Your signature scent -- whether it’s Chanel, Shalimar, or patchouli -- becomes you. Literally. Fragrances may amplify and advertise your unique genetic makeup to potential partners, finds a study at the Max Planck Institute in Germany. People who share the same variants of immune system (MHC) genes often preferred the same scents (rose oil, musk, or vanilla, for instance). This suggests that particular scents work best with particular body chemistries -- and that we know intuitively what fragrances smell best on us. Indeed, a recent Czech study found that when volunteers’ sweat was mixed was their preferred perfume (versus a random one), impartial noses gave the resulting mélange much higher ratings.
Here’s another olfactory surprise: Garlic may make you smell more attractive. Researchers in the Czech Republic asked people to eat garlic cream cheese (the equivalent of two to four cloves) every day for one week, while wearing scent-trapping pads in their armpits. The next week, the same volunteers ate their bread with plain cream cheese. Which sweat smelled more attractive, more pleasant, and less intense to female judges -- garlic or plain? Garlic, naturally, but why? Garlic contains antioxidants and improve metabolic functioning, the researchers say, which may improve your body odor. Plus, garlic’s antibacterial properties help to kill the real culprit: foul-smelling underarm microorganisms.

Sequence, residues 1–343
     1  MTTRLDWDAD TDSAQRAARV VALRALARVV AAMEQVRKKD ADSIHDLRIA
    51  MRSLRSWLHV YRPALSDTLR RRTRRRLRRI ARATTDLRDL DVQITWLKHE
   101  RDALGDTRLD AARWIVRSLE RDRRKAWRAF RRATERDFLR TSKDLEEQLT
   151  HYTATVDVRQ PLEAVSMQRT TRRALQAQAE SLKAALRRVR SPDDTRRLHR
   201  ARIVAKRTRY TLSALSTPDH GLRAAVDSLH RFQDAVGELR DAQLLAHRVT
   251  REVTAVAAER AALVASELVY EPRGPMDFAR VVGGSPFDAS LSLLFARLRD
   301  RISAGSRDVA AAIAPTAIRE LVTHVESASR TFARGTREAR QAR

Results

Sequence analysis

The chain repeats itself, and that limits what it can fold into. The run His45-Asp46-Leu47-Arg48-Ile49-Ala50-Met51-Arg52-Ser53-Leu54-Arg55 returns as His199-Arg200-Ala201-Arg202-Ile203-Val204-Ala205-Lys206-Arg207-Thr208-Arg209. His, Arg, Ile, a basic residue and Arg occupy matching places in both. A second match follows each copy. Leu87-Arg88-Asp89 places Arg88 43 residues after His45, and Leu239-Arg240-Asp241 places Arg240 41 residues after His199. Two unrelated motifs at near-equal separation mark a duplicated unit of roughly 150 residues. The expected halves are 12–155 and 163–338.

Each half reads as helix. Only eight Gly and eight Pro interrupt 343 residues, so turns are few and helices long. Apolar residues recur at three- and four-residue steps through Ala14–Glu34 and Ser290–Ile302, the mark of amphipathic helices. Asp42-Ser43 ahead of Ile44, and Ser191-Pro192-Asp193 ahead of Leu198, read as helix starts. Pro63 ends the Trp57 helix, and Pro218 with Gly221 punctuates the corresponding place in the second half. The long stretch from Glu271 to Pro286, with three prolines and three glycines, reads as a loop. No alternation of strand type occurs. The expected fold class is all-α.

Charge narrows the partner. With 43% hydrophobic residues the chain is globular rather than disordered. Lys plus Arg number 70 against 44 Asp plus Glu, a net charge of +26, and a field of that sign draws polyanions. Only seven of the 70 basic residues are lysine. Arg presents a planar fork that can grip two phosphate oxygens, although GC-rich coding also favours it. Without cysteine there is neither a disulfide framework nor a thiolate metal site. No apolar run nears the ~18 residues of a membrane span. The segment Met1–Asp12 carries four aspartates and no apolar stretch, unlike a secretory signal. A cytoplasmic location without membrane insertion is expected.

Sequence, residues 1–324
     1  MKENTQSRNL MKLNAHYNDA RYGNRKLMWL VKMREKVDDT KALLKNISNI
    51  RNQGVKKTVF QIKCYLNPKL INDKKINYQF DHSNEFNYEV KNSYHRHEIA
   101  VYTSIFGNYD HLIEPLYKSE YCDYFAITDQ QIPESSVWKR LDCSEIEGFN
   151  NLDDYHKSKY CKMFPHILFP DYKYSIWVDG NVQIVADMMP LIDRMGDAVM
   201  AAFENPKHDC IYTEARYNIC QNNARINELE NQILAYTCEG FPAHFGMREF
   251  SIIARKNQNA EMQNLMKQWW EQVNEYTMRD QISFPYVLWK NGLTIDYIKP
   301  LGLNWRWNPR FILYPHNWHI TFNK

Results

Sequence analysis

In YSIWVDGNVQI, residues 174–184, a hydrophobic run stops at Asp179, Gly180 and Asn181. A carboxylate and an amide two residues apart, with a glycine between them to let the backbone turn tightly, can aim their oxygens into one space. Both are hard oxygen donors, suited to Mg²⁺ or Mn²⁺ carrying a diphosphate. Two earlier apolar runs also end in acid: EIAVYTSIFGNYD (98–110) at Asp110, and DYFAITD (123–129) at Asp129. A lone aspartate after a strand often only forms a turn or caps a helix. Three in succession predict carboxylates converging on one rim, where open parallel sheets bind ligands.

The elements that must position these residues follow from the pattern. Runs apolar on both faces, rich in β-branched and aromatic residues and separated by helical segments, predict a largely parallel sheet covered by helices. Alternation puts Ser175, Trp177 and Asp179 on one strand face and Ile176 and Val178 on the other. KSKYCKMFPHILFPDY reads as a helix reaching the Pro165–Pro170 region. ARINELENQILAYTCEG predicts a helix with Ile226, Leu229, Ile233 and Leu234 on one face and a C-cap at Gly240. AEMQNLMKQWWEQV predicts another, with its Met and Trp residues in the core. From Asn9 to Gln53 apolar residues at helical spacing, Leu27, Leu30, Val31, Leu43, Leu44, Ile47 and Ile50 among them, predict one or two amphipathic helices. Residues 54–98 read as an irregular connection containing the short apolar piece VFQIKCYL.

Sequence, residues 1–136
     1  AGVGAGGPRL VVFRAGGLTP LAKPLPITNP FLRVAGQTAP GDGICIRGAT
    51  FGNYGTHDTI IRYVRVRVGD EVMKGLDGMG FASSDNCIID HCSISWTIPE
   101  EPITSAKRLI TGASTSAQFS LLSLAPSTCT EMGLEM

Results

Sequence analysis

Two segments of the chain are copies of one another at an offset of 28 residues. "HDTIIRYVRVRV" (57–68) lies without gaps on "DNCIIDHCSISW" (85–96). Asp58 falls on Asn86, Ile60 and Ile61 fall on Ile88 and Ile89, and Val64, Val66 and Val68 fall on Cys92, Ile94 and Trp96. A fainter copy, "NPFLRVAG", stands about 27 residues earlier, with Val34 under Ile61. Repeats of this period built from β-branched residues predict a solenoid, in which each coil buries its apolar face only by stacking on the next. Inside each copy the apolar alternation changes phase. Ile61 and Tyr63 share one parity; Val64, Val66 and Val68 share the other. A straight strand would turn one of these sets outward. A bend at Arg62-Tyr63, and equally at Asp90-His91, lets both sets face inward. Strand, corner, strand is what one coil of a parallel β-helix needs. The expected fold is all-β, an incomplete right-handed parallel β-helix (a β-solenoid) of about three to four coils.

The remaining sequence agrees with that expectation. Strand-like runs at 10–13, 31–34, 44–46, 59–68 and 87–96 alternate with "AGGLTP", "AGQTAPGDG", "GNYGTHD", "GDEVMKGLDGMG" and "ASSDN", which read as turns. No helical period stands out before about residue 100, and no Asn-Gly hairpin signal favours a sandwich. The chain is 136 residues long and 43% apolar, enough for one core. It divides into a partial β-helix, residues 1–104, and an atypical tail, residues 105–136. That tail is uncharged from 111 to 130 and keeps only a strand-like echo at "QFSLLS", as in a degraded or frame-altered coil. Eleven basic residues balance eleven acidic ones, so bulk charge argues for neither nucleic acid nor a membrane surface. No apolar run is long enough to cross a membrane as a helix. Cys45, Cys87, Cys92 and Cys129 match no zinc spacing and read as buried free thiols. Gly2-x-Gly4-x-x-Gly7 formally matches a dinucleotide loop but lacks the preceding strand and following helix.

We all know oral contraceptives are useful -- for reducing flow, cramps, and preventing unplanned pregnancies. The surprise is that the Pill may also lead to unintended romantic quandaries. A U.K. study found that women who were on oral contraceptives when they met their partners were, years later, likelier than non-users to be turned-off, sexually dissatisfied, and eager to fantasize about an affair. But here’s the interesting part: They were also generally more satisfied with their partner’s (non-sexual) contributions, and therefore less likely to separate. The researchers explain: Under Pill-driven conditions of high-progesterone and low fertility, women go for relationship-worthy qualities such as wealth and intelligence more than high-testosterone traits (biceps and block jaws) that are associated with flings. Oral contraceptives may also lead women to reverse their usual preferences in male body odor. Once a woman goes off the Pill, her other instincts complicate the relationship.
Whether she’s aware of it or not, the pitch of a woman’s voice increases a notch (becoming higher but not shrill) when she’s flirting, finds a study at McMaster University in Canada. Conveniently, men much prefer these high-pitched dulcet tones over deeper ones. A woman can strike her highest chords around ovulation, when she’s likeliest to conceive. Another coincidence: This happens to be the time of month that men give female voices the highest attractiveness ratings.